Abstract

We present a flexible and highly specific targeting method for lentiviral vectors based on single-chain antibodies recognizing cell-surface antigens. We generated lentiviral vectors specific for human CD105+ endothelial cells, human CD133+ hematopoietic progenitors and mouse GluA-expressing neurons. Lentiviral vectors specific for CD105 or for CD20 transduced their target cells as efficiently as VSV-G pseudotyped vectors but discriminated between endothelial cells and lymphocytes in mixed cultures. CD133-targeted vectors transduced CD133+ cultured hematopoietic progenitor cells more efficiently than VSV-G pseudotyped vectors, resulting in stable long-term transduction. Lentiviral vectors targeted to the glutamate receptor subunits GluA2 and GluA4 exhibited more than 94% specificity for neurons in cerebellar cultures and when injected into the adult mouse brain. We observed neuron-specific gene modification upon transfer of the Cre recombinase gene into the hippocampus of reporter mice. This approach allowed targeted gene transfer to many cell types of interest with an unprecedented degree of specificity.

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Acknowledgements

This work was supported by grants from the Priority Programme “Mechanisms of gene vector entry and persistence” of the Deutsche Forschungsgemeinschaft to C.J.B. and K.C. and from the 7th European Community programme project Persisting Transgenesis (Persist) to C.J.B. U.C.M. was supported by grants of the Deutsche Forschungsgemeinschaft (MU 1457/8-1) and the “Nationales Genomforschungsnetz” (01GS08128). T.A. is supported by the graduate study program GK1172 Biologicals of the Goethe University Frankfurt AM.

Author information

Author notes

    • Brigitte Anliker
    • , Tobias Abel
    •  & Sabrina Kneissl

    These authors contributed equally to this work.

Affiliations

  1. Division of Medical Biotechnology, Paul-Ehrlich-Institut, Langen, Germany.

    • Brigitte Anliker
    • , Tobias Abel
    • , Sabrina Kneissl
    • , Julia Brynza
    • , Irene C Schneider
    • , Robert C Münch
    • , Klaus Cichutek
    •  & Christian J Buchholz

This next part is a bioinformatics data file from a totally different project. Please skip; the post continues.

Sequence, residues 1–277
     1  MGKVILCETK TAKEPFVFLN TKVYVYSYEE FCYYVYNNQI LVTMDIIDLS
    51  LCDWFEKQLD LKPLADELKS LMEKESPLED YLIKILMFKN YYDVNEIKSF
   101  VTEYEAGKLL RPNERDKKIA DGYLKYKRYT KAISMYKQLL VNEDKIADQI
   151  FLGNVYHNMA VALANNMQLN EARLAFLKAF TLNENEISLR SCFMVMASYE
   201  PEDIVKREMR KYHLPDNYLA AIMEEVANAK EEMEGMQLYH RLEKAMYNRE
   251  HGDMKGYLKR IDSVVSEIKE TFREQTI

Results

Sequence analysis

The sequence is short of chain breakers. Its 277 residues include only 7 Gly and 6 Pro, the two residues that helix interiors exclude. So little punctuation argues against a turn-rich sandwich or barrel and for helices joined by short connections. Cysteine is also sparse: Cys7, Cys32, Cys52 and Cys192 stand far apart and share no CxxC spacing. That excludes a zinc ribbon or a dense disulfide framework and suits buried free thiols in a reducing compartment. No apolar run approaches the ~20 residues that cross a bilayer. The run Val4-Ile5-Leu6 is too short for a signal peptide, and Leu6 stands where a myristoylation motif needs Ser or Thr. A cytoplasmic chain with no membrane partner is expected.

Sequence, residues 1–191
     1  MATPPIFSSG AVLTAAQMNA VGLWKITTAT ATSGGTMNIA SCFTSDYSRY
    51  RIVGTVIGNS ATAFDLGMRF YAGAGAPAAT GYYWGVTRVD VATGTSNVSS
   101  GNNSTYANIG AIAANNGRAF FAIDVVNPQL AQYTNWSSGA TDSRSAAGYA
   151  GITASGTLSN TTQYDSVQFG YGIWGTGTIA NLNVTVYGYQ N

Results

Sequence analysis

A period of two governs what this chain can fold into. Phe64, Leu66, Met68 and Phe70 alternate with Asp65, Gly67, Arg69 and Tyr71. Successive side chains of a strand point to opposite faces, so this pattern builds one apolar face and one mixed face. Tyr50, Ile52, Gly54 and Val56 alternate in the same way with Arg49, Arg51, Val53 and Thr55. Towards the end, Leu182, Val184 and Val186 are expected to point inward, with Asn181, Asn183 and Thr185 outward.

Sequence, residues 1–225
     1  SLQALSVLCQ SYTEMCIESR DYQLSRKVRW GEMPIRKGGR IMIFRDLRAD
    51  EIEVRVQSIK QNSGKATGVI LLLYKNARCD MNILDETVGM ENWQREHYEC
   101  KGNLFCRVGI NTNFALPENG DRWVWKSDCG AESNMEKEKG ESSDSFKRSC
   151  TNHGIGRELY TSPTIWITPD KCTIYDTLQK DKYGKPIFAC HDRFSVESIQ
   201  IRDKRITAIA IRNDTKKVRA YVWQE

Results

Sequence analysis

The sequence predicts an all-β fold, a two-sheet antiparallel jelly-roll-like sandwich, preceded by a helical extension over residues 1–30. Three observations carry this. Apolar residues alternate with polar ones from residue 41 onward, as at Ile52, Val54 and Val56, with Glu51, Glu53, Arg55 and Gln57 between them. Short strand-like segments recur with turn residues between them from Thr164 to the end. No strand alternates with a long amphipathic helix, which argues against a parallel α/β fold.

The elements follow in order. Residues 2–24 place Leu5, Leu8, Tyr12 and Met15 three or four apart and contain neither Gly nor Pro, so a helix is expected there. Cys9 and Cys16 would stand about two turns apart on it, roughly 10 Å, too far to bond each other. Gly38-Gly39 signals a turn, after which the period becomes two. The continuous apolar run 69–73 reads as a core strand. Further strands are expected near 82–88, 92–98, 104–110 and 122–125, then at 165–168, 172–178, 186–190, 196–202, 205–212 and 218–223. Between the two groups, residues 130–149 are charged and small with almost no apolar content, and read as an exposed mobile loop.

2. Institute of Virology, Department of Pathobiology, University of Veterinary Medicine, Vienna, Austria.

    • Juraj Hlavaty
    • , Helga Petznek
    •  & Christine Hohenadl
  3. Institute for Clinical Neurobiology, University Hospital of Neurology, Heidelberg, Germany.

    • Antonio Caputi
    •  & Hannah Monyer
  4. Institute of Cell Biology and Immunology, University of Stuttgart, Stuttgart, Germany.

    • Roland E Kontermann
  5. Pediatric Hematology and Oncology, University Hospital, Frankfurt, Germany.

    • Ulrike Koehl
  6. Miltenyi Biotec GmbH, Bergisch-Gladbach, Germany.

    • Ian C D Johnston
  7. Department of Biosciences, Division of Biochemistry, University of Helsinki, Finland.

    • Kari Keinänen
  8. Institute for Pharmacy and Molecular Biotechnology, University of Heidelberg, Germany.

    • Ulrike C Müller

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Contributions

B.A., T.A. and S.K. designed and performed experiments and contributed to writing of the manuscript. J.H., A.C., J.B., I.C.S., R.C.M. and H.P. performed experiments. R.E.K., U.K., I.C.D.J. and K.K. contributed protocols and reagents. C.H. and H.M. supervised work. U.C.M. supervised work and contributed to writing of the manuscript. K.C. acquired grants. C.J.B. conceived and designed the study, acquired grants, supervised work and wrote the manuscript.

Competing interests

I.C.D.J. is an employee of Miltenyi Biotec GmbH. S.K., K.C. and C.J.B. are listed as inventors in an international Patent Cooperation Treaty European patent application (PCT/EP2007/008384) assigned to the Paul Ehrlich Institut, which includes as claims the generation of targeted lentiviral vectors.

Corresponding author

Correspondence to Christian J Buchholz.

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DOI

https://doi.org/10.1038/nmeth.1514

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